Image: Jen Charrette Climbing the Stelvio in Italy
Cycling season is upon us and it’s time to get energized and think about new approaches to your health and well-being— to change, to grow, to challenge yourself. With that in mind, here are some tips on getting your body ready from head-to-toe.
First set some goals for your cycling. Goals help you maintain motivation, especially one that’s within reach. Maybe you want to do your first triathlon or commit to a new PR. Reach out to friends or cycling groups to ride or train together. Need inspiration? The Cyclist’s Bucket Listby Ian Dille has ideas for you. Or search online for websites related to cycling.
Your bike set-up is important to keep your back healthy, but an incorrect bike fit isn’t likely to be the only factor in lower back pain. What is? Well, muscle fatigue may play a role. The back and abdomen are the weakest link for the majority of cyclists. Cyclists have strong leg muscles but don’t have the core and back strength to support their leg power. If the core is weak you lose power to the pedals. To strengthen your core and back you’ll need to do some work off the bike. The best thing you can do is stretch. The CoreStretch was originally developed for Physical Therapists to help patients achieve a lower back stretch by using the body’s natural traction. It’s now available for personal use and eliminates the guess work while stretching.
You would think that the evolving technology in cycling shorts would eliminate the need for a protection barrier to prevent saddle sores. Unfortunately, this is not the case in many situations, such as: long rides, indoor training, where you're on the saddle a lot; and after being off the bike for an extended period. In these cases, you need a barrier. One option is chamois cream but these are messy and also don’t last long. Using a barrier roll-on, like ButtShield, provides a non-messy application that is waterproof and lasts your entire workout. It also contains anti-bacterial and anti-fungal ingredients to help reduce the likelihood of skin infections. Don’t forget that basic hygiene helps too, like getting out of your shorts and into the shower as soon as possible.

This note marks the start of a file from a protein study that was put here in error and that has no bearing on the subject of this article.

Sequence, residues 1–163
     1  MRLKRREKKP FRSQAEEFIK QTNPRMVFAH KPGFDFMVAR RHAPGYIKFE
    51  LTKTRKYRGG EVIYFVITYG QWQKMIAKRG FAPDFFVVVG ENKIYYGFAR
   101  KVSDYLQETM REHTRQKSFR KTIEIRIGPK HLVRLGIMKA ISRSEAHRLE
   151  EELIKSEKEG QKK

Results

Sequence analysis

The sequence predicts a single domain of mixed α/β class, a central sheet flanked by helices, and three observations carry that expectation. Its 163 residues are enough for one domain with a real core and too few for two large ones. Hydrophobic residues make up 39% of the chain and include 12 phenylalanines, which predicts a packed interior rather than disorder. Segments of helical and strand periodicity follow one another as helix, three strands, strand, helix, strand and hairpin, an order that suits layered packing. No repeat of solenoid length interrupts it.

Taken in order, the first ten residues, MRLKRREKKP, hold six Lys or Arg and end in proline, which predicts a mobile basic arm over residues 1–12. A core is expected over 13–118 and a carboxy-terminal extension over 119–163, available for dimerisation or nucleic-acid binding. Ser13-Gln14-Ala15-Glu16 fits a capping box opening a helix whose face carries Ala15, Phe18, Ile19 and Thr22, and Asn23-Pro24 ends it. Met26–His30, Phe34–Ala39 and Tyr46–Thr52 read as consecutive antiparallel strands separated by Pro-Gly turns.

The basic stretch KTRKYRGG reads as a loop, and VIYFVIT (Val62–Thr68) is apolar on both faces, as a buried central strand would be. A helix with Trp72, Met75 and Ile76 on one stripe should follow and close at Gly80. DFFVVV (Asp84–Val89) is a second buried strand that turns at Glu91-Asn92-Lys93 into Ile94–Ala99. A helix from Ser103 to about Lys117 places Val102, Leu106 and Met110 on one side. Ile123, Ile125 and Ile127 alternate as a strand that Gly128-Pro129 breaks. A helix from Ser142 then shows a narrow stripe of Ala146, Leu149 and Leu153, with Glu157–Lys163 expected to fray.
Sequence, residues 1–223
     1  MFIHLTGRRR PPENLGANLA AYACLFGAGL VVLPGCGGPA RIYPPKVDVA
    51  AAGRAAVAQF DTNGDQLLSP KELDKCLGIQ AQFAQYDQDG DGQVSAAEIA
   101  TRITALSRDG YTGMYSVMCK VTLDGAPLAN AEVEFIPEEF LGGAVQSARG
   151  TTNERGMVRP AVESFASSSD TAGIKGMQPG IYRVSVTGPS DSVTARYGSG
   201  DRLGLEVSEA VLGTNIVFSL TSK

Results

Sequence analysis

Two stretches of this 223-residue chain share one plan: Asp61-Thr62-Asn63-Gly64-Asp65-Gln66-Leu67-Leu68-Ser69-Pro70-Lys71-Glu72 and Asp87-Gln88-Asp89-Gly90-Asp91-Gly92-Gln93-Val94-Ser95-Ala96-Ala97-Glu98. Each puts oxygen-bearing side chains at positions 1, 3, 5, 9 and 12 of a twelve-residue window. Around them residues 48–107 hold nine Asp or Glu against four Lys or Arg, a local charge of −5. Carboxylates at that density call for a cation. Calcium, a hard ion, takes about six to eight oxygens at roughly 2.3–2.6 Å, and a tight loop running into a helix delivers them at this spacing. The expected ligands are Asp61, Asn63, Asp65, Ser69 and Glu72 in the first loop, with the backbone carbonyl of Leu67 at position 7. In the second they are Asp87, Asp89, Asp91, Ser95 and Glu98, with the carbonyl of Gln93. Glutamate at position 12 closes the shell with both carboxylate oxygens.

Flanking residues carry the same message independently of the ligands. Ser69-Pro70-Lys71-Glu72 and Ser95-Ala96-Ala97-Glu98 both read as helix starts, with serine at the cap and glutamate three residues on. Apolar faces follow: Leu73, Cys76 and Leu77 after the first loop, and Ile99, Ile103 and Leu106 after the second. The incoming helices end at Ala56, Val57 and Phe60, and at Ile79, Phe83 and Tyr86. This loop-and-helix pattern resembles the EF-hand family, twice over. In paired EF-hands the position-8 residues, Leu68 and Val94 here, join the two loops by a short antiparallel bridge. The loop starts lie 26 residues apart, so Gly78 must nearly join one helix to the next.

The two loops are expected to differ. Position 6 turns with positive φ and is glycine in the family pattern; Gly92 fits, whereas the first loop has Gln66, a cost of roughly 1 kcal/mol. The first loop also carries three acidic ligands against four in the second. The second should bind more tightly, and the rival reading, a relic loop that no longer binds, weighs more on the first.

Want to help those muscles work together? Focus on building off-the-bike leg strength, stretch after your ride, and get deep muscle massages frequently. An affordable way to get a the impact of massage is with a tool like the RangeRoller. This is a do-it-yourself massager that prevents injuries, aids in recovery, and increases blood flow. I use mine in the evenings for a few minutes while watching TV. And lastly, what about your feet? We tend to forget about our feet until they fail and start to cause us pain. But there may be some simple preventative solutions to keep them healthy and increase your cycling power. First, invest in a trusted cycling shoe that fits. A good shoe will effectively transfer power to your pedals and keep your feet comfortable and supported. To keep your feet pain free and dry, use a blister prevention product like BlisterShield in your socks. I find BlisterShield especially useful in damp or hot conditions to prevent foot sores. Following these simple but effective head to toe steps will get your body in shape now and keep you pedaling all summer long.